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26 of 27 people found the following review helpful By E. Rothstein VINE VOICE on August 27, 2001
Format: Hardcover
Written when Wharton's own marriage was failing, this tale of first love won and lost is a bittersweet, moving novel which melds Wharton's two worlds beautifully - high society, and rural New England. Her personal favorite of all the novels she wrote, Edith Wharton captures the very essence of love and longing in this beautiful, sensual story of Charity Royall and Lucius Harney. Born to a poor mother, Mr. Royall rescues Charity and raises her as his own daughter, but when his wife dies of consumption, and Charity begins to ripen into a lovely woman, Mr. Royal realizes that his feelings for her are deeper than he imagined. Repulsed by his offer of marriage, Charity instead turns her attentions to the handsome young architect from Boston, Mr. Lucius Harney, who is visiting North Dormer for the summer. As summer unfurls in North Dormer like the Red Rambler rose in Charity's garden, Charity and Lucius' love blossoms, burns hot, and spills over into sexual union. Wharton's language of love is extraordinary - beautiful, sensual, and filled with all the fire of first love. I won't ruin the ending for you by revealing it, but it is poignant, achingly human, and ultimately fitting that Charity ends up where she does. Bittersweet and gorgeously written, this is a magical book not to be missed.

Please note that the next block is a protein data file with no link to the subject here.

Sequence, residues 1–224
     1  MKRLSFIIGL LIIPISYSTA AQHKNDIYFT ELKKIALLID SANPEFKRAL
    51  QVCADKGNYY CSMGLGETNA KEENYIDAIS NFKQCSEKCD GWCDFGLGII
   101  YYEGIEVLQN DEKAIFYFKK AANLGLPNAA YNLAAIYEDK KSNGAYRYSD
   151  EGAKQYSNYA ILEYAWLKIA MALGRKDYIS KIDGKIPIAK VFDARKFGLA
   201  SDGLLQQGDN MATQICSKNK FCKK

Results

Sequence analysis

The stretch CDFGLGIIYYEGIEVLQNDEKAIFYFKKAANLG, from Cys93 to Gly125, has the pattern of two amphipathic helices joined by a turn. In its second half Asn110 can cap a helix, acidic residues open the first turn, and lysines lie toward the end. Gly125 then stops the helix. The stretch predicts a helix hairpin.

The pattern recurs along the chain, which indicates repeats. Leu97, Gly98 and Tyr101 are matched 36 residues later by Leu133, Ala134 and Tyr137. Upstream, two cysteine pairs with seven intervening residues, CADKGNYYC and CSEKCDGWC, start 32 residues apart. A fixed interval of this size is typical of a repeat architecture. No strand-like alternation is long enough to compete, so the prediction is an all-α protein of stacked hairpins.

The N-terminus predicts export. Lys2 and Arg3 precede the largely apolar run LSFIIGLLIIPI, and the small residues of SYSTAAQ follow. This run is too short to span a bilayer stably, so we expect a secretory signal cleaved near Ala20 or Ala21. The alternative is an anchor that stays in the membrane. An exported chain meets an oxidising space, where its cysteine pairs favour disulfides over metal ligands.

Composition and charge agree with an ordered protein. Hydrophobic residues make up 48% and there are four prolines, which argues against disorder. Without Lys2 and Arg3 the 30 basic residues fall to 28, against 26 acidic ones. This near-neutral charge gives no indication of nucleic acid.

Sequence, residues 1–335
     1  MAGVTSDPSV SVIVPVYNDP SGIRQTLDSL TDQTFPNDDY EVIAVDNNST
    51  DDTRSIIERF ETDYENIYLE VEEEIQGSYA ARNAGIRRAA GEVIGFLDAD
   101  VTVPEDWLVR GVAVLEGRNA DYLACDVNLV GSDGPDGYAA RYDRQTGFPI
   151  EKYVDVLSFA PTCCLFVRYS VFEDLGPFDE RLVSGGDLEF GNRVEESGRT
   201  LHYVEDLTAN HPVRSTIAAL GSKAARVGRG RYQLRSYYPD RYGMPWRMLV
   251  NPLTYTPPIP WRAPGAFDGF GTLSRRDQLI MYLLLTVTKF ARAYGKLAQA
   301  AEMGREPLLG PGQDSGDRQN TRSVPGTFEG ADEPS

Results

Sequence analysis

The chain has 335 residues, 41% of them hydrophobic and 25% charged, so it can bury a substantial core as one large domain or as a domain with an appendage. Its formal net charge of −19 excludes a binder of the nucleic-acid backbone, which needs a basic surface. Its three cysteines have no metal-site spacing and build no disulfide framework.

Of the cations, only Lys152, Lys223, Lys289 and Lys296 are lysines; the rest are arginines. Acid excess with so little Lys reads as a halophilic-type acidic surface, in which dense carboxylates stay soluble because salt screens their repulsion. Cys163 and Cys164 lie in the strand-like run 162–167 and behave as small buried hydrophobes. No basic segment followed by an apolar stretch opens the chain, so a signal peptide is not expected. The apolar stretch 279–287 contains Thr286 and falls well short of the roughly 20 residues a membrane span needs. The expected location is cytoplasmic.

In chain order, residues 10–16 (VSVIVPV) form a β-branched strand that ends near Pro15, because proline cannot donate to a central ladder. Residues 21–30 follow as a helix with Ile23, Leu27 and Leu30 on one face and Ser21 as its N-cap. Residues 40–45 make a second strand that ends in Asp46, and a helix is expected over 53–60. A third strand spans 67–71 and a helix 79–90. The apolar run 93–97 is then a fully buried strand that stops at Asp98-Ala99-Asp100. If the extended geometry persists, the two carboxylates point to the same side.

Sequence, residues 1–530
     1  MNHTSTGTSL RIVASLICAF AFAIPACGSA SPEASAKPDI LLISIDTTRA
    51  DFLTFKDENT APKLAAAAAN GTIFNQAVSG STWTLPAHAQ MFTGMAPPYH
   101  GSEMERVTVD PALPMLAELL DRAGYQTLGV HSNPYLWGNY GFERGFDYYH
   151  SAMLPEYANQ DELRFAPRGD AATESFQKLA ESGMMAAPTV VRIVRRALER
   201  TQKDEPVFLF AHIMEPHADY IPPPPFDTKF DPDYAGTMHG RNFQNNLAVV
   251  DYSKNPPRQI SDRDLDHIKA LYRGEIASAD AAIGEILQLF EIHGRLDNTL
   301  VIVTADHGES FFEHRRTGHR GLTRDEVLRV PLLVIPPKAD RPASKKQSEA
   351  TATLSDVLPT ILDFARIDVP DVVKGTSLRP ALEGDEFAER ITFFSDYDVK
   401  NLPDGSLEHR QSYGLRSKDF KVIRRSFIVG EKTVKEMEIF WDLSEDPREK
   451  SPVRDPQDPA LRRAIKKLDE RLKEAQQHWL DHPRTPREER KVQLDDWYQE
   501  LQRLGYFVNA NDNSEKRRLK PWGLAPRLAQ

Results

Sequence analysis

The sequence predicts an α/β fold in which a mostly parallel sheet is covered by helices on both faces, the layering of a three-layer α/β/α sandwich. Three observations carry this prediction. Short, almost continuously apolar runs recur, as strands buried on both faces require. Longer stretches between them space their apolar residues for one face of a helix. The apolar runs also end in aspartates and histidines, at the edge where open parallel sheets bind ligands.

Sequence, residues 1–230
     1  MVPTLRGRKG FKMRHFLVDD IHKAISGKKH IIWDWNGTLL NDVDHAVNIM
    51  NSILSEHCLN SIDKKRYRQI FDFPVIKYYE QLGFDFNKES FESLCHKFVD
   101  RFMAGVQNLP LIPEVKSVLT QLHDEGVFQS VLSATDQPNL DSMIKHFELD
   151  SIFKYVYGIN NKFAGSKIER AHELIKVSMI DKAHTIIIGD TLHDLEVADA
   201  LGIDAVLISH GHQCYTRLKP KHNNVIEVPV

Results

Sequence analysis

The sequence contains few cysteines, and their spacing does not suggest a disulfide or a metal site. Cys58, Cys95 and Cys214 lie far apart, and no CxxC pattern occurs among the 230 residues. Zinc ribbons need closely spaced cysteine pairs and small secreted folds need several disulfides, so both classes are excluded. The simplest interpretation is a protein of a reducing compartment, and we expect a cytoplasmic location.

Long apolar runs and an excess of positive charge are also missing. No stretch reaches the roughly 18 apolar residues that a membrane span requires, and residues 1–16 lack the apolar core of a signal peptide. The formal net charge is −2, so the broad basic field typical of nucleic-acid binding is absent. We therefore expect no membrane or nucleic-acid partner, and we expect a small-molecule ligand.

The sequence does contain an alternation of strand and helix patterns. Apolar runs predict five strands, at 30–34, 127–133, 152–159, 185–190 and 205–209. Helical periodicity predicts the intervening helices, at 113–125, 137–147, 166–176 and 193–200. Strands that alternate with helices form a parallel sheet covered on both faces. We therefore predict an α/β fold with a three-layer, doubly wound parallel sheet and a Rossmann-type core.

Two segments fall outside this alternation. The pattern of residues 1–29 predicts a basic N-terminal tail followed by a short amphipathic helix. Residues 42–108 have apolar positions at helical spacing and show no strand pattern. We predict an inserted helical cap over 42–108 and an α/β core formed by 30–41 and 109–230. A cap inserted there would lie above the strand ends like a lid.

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14 of 15 people found the following review helpful By Mary Whipple HALL OF FAMETOP 100 REVIEWER on December 3, 2006
Format: Mass Market Paperback
Written in 1917, Summer is Wharton's most explicitly sexual novel, tracing the awakening of Charity Royall to the sweetness of love and its power. Charity was born on "the mountain," a place of poverty and degradation, and given over to Lawyer Royall and his wife, residents of the town of North Dormer, to be brought up. When his wife dies, Lawyer Royall is hard pressed to deal with this child, choosing to ignore her most of the time, and bringing her up with little feeling of warmth of affection.

Anxious to have some independence so that she can escape, at some point, from the closed society of the village, Charity becomes the town librarian, a part-time job which gives her a small amount of her own money. There she encounters Lucius Harney, the nephew of one of the town's leading citizens, an architect studying some of the old houses in the area. His interest in Charity soon develops into affection and then passion, and the two become lovers, a relationship which quickly develops complications. Charity, with few options in life, is starved for affection and yearns to escape the village, while Harney, educated but personally weak, can already come and go as he pleases.

Wharton uses the seasons symbolically to illustrate the development of the relationship between Charity Royall and Lucius Harney from the earliest stirrings of their interest when they meet in early June to the full passion of their love in mid-August. Fall brings reality to Charity, and winter freezes her soul. Throughout the novel references are made to the mountain where Charity was born and to the ignorant people who live there without hope of improving their lives.